Micro-composting the best bet for City Corporation

Micro-composting centres (MCC), now a key ingredient in the overall waste management in the city since its inception in 2017, have been taking the stink away from the Ariyamangalam dumpyard.

They would also have a pivotal role in achieving the goal of doing away with the Ariyamangalam dumpyard in a span of two years.

Thirtyone MCCs were created based on a similar model in Vellore two years ago. "The Vellore model was emulated on a larger scale, and Tiruchi Corporation took the initiative to test it out. As a pilot project, the civic body chose one ward each in four zones - Abhishekapuram, Ariyamangalam, Golden Rock and Srirangam, where MCCs were set up. Following their success, in the span of a year, a total of 31 were set up across the city," said Sangeethapriya S, Assistant Executive Engineer, Tiruchi City Corporation.

Within the city limits, a total of 460 metric tonnes (MT) of waste is generated daily, of which 245 MT is biodegradable. MCCs now handle as much as 155 MT. “The MCCs are equipped to take all the biodegradable waste generated. They are also equipped with incinerators to process sanitary napkins and diapers," says N. Ravichandran, City Corporation Commissioner.

According to data furnished by the Tiruchi City Corporation, 58 wards in the four zones have been covered so far. "Three more units will be set up soon. They are caught up in a land dispute now," said Ms. Sangeethapriya. Although the MCCs are being set up on Corporation land in all the wards, some residents are iffy about their management.

Residents in the surroundings of the Ariyamangalam dumpyard have been protesting against the setting up of an MCC apprehending possible lack of maintenance in the future. "The dumpyard is terribly maintained. How can one be sure that the MCC will be any different? We do not want to fall ill and contract infections because of the Corporation's apathy," said one resident.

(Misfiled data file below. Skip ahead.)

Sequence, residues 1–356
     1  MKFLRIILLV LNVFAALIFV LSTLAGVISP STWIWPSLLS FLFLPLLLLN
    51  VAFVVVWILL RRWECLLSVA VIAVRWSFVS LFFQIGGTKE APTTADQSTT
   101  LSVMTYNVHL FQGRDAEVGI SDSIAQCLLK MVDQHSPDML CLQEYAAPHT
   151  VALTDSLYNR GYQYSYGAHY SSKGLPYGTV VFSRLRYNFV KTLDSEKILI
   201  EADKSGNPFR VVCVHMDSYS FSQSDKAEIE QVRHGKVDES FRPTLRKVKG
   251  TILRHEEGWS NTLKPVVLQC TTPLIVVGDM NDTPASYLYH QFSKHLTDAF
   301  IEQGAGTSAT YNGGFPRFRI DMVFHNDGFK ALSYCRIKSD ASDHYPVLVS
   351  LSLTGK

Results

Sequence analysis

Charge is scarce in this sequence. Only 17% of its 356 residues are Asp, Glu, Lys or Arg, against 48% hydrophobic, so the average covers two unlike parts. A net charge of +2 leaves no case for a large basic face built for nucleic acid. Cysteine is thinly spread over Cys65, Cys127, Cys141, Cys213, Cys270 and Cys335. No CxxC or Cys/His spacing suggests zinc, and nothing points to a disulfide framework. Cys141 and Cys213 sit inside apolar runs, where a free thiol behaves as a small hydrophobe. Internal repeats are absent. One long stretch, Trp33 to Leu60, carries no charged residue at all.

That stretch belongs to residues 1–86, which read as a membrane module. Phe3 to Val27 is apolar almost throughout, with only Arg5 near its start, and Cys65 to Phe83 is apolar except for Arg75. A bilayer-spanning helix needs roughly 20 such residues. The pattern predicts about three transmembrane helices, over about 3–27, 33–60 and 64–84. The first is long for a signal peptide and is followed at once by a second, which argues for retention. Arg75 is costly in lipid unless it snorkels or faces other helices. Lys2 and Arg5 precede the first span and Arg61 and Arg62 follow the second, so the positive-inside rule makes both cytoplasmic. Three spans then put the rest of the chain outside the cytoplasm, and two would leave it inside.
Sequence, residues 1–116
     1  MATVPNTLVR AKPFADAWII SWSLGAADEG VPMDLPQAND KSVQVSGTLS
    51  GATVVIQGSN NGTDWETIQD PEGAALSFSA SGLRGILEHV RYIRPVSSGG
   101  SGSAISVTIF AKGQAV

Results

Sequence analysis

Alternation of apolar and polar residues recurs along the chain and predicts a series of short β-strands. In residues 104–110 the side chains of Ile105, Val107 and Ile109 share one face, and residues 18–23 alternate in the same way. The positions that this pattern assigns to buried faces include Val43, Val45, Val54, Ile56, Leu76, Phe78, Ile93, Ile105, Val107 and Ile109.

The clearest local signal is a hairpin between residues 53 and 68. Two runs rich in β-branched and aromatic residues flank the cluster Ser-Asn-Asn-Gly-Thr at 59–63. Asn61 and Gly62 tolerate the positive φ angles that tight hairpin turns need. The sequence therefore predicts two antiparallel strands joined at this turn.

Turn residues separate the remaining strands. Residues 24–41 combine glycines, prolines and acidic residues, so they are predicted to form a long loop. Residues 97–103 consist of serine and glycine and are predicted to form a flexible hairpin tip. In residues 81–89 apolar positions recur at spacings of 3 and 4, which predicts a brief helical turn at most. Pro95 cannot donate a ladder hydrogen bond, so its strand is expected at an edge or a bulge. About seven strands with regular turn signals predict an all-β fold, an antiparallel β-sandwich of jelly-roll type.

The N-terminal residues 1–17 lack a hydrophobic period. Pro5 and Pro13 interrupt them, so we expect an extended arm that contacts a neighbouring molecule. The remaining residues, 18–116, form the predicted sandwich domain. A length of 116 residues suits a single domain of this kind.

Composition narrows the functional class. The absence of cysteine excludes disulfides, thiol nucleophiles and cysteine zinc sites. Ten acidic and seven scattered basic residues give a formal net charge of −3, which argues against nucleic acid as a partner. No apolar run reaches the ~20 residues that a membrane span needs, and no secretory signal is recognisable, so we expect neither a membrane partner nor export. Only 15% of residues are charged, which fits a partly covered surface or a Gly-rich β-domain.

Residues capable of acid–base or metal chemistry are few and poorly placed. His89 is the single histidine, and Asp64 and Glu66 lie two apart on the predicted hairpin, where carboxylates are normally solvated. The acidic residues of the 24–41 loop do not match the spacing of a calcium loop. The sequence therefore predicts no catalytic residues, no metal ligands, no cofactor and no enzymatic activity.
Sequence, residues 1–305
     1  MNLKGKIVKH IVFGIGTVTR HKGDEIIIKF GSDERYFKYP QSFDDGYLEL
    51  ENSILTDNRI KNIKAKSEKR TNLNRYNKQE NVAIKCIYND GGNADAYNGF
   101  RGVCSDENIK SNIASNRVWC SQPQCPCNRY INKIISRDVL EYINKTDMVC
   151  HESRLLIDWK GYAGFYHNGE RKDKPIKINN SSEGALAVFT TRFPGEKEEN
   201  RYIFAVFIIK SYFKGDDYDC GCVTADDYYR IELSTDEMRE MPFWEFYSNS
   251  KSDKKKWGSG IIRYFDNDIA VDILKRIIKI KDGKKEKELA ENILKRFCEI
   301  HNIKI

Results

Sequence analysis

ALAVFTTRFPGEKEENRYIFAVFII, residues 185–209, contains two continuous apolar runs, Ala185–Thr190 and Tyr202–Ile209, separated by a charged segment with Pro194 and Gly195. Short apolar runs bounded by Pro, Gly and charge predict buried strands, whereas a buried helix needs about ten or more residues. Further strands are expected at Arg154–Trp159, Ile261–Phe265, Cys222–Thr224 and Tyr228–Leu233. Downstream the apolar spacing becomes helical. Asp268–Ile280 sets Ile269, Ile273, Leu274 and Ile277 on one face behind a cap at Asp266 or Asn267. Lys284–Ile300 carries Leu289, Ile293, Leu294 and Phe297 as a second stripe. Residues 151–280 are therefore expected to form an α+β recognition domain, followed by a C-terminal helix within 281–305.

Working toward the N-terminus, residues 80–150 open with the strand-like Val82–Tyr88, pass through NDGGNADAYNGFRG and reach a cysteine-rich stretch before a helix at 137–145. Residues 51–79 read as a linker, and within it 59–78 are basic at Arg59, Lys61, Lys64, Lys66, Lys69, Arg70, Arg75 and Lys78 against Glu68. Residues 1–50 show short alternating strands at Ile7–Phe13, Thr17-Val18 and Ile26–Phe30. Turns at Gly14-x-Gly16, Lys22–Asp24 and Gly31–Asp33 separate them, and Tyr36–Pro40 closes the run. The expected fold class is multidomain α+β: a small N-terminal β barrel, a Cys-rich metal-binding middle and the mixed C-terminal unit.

After source-segregation of waste from households into bio-degradable and non-biodegradable, garbage collectors send the organic waste to the MCCs while dry waste of about 60 MT is sold off to hawkers. "There is combustible waste too, such as beds, clothing and sacks, which are sent to a cement manufacturing company, after a Memorandum of Understanding was inked. They use it to make their packaging," Ms. Sangeethapriya said. About 40 MT of combustible waste has been sent to the cement factory so far.

To remove the eyesore of large garbage bins that more often than not have garbage around them than inside, the civic body, in 2016, made it mandatory for residents to hand over domestic waste directly to garbage collectors of the Corporation.

In order to ensure that all sources were covered, the collection was monitored using QR code-based system. The move has led to 95.1% of domestic waste being collected at its source. However, some complain that sanitary workers fail to turn up regularly to collect the waste, forcing them to dump it on the roadside.

Further, in a bid to encourage public participation and achieve 100% source segregation by 2020, the Corporation has introduced a lottery scheme to boost voluntary source segregation. As per the scheme, residents who effectively segregate their waste would be rewarded with a one gram gold coin.

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Printable version | Apr 5, 2020 10:09:22 AM | https://www.thehindu.com/news/cities/Tiruchirapalli/micro-composting-centres-to-play-pivotal-role/article26905988.ece

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